:<? understand, and, lor this reason, the bare fact of there
being any love between them comes upon me to-night, al
| most for the (ir.-t time."
"I am more delighted than I can possibly tell yon." re?
joined Mr. Chester, with the utmost blandness, " to find my
I own impress,on so confirmed. You see the advantage of
our having met. We understand each other. We quite
agree. We have a most complete 2nd thorough explana
' lion, and we know what course to take.?Why don*t you
? taste your tenant's wine ? It's really very good."
" Pray who,"' said .Mr. Haredale, " have aided Emma, or
your son 1 Who are their go-betweens, and agents?do you
"All the good people hereabouts?the neighborhood in
general, I think," returned the other, with his most affable
smile. " The messenger I sent to you to-day foremost
among them all."
"The idiot 1 Barnaby."
" You are sutprised T I am glad of that, for I was rather
so myself. Yes. I wrung that from his mother's mouth?a
very decent sort of woman?from whom, indeed, I chiefly
learnt how serious tho matter had become, and determined
to ride out here to-day, and hold a parley with you on this
I neural ground. You 're stouter than you used to be, Hare
' dale, but you look extremely well."
" Our business, 1 presume, is nearly at an end," said Mr.
Haredale, with an expression of impatience h? was at no
pains to conceal. " Trust me, Mr. Chester, my niece shall
change from this time. 1 will appeal," he added iu a lower
tone, " to her woman's heart, her dignity, her pttde, her
" I shall do the same by Ned," said Mr. Chester, restor?
ing some errant faggots to their places in the grate with the
toe of his boot. " If there is anything real in the world, it
is those amazingly tine fVelings and those natvral obliga?
tion:! which must subsist between father an4 .-on. I shall
put it to him 011 every ground sf moral and religious feel?
ing. I shall represent to him that we cannot possibly afford
it?that 1 have always looked forward to his marrying well,
for a genteel provision for myself in the autumn of life?
that there are a great many clamorous dogs to pay, whose
j claims are perfectly just and right, and whs must be paid
; out of his wife's fortune. ]n short, that the very highest
and most honorable feelings of our nature, with every con?
sideration of filial duty and affection, and all that sort of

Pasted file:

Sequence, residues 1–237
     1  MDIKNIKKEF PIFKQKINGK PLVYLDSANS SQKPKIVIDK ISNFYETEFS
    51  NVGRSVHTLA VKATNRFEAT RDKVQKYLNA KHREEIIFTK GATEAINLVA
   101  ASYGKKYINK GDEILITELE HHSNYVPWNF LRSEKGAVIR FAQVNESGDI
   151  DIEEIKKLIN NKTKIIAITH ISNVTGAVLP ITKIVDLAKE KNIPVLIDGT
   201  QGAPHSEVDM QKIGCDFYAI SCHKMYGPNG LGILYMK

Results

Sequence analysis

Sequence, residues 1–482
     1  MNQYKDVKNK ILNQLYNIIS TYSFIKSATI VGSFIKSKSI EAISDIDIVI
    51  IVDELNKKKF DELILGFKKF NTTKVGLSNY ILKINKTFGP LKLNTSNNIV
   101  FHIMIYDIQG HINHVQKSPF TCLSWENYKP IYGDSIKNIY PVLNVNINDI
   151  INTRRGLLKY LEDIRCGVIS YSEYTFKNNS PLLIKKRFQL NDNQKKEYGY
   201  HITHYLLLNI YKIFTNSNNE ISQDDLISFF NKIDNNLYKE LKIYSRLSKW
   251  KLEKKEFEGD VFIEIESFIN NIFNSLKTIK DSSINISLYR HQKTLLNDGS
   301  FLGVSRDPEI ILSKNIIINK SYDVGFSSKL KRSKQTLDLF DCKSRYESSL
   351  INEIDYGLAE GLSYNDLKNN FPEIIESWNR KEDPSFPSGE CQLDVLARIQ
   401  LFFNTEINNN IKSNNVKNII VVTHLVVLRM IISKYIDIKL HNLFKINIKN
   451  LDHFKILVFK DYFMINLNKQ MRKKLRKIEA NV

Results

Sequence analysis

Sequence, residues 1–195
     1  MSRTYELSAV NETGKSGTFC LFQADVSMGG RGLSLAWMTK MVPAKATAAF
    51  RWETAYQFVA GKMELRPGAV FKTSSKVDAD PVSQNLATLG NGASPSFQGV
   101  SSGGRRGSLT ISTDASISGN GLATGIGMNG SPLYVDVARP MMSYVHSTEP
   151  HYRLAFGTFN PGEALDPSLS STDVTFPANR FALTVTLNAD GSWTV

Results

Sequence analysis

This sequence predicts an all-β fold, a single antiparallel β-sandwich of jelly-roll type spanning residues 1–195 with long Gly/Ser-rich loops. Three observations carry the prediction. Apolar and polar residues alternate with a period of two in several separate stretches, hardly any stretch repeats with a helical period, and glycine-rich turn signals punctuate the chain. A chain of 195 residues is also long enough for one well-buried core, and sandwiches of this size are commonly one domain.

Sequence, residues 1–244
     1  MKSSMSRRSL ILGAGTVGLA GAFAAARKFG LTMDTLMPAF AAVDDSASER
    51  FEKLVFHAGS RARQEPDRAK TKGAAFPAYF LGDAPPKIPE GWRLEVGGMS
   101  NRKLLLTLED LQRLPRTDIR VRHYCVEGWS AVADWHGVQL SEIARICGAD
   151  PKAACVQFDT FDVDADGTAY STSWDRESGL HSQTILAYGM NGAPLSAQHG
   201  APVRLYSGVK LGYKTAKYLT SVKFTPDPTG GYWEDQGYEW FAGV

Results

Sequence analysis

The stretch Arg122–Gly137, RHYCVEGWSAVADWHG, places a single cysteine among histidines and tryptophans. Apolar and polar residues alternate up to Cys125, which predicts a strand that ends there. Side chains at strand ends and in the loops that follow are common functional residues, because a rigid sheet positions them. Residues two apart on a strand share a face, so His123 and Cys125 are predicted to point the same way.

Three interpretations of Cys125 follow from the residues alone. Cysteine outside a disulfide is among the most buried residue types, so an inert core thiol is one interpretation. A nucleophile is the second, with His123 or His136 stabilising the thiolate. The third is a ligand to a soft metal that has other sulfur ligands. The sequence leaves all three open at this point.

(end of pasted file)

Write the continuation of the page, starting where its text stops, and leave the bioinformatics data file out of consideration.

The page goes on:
thing, imperatively demand that he should run away with
"And break her heart as speedily as possible ?" said
Mr. Haredale, drawing on hi.s glove.
" There NVd will act exactly as he pleases," returned the
: other, sipping his wine ; '* that 's entirely his affair. I
would not for the world interfere with my son, Haredale,
beyond a cettain point. The relationship between father
and son, you know, is positively quitw a holy kind of bond.
Hon'/ you let me persuade yoa to take one glass of wine ?
Weil ! as you please, as you please," he added, helping
'? Chester." said Mr. Haredale. after ti short silence, during
, which he had eyed his smiling face from time to lime intently,
?? you have the bead and heart of an e\il spirit in all matters
I of deception."
" Your health ! " <aid th? other, with a nod. ?? But I have
" If. now.' pursued Mr. Haredale. " we should find it diffi?
cult to separate these young people, and break off their inter
; course?if. for instance, you lind it difficult, on your side, w hat
! course do you intend to take .' "
" Nothing plainer, my good fellow, nothing easier." re?
turned the other, shrugging his shoulders and stretching him
1 self more comfortably bet?re the lire. ?? 1 shall then exert
those powers on which you flatter me so highly?though,
, upon my word. I don't deserve your compliments to their
full extent?anil resort to a few little trivial subterfuges for
rousing jealousy and resentment. You see' "
?' In short, justifying the means by the end, wo are, as a
last resource for tearing them asunder, to resort to treachery
and?and lying," >-aid Mr. Haredale.
" Oh. dear. no. Fie. tie ! " returned the other, relishing a
pinch of snuff extremely. " Not lying. Only a little manage?